I read another one of those Why ‘shiny-thing’ is the unsafe choice essays today. It trots out some reasonable-sounding arguments:
There’s some damning with faint praise tossed in to let you know that the author is open-minded and not a curmudgeon, of course.1
In sum, it explains why everyone ought to keep on doing what everyone’s already doing. I remember reading essays exactly like this about Ruby back when everyone was using Java, and before that about Java when everyone was writing CGIs in C.
I’m not going to debunk the arguments. The arguments aren’t convincing, in the sense that I don’t believe anybody will read the essay and change their mind about using something that isn’t already popular. I don’t think it’s the author’s fault: Essays of this general type (“Should you switch from popular thing to shiny thing”) have little or no actual impact on people’s decisions.
But if these essays won’t change anybody’s mind, why do people write them? Why do people read them and debate their contents?
This is the interesting thing: Why are people so invested in appearing to research a decision, when in reality, they have already made up their minds and their conclusion has been preordained?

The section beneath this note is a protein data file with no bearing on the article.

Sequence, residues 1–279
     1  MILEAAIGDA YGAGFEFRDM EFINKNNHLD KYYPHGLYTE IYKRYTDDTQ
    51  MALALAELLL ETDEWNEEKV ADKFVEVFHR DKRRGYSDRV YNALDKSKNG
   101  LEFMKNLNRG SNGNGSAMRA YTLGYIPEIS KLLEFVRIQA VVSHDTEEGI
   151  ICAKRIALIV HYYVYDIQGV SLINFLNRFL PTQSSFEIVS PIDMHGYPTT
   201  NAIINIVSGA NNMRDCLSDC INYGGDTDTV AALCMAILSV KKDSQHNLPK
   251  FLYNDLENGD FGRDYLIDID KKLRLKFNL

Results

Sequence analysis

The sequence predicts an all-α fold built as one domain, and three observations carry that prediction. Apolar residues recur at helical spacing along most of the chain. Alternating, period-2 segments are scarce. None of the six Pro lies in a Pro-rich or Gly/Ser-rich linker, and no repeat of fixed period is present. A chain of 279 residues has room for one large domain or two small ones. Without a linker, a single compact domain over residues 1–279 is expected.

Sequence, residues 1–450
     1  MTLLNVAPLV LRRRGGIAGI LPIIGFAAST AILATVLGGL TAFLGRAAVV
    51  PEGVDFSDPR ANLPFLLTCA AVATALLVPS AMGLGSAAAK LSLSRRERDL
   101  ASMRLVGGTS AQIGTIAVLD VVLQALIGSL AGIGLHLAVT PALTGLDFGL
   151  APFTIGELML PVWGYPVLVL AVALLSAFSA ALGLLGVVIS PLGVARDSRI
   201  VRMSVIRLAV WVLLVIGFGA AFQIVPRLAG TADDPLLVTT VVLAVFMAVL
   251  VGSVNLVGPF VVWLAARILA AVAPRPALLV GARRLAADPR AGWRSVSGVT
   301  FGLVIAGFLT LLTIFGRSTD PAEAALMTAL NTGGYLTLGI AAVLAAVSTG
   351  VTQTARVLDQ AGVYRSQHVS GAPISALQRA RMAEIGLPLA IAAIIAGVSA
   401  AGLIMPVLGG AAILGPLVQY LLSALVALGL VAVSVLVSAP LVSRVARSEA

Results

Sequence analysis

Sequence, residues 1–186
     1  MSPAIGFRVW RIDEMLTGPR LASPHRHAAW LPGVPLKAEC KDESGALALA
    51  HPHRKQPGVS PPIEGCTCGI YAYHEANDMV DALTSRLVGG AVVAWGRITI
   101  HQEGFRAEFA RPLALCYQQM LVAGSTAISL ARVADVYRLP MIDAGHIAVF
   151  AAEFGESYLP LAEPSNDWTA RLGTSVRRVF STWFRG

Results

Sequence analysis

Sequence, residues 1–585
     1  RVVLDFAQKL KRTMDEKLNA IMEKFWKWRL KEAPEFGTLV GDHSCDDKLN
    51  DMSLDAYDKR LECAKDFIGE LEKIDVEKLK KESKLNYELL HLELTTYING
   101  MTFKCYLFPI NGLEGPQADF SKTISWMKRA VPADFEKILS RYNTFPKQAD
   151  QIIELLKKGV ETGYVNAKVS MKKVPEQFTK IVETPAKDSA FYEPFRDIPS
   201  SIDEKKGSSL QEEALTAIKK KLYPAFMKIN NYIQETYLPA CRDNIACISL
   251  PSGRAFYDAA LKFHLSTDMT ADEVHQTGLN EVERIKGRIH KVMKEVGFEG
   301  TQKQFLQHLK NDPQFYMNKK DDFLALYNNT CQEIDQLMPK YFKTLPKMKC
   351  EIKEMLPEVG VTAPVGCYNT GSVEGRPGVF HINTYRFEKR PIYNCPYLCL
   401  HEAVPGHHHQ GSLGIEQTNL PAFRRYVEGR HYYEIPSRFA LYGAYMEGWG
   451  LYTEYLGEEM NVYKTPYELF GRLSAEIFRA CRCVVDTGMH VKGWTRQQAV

In those days, nobody bought Macintoshes. But strangely, our office was besieged by people wanting us to demonstrate the Macintosh and its nifty features.
Would these people buy a Macintosh? No. But they would take up a lot of our time asking “What is the benefit of Mac? Why is it superior to Windows? Explain why we should I buy one for each employee.” And no matter how interested they seemed, and no matter what we said or did, they would weigh their options… and then buy a Windows computer.
They agreed that Macintosh would be an excellent choice, but something-something-why-they-couldn’t-buy, such as “Macintosh is great, but our team can’t handle switching,” or perhaps “The desktop publishing is fantastic, but words are words no matter what they look like,” or even “The company simply won’t approve this purchase without more case studies and white papers.”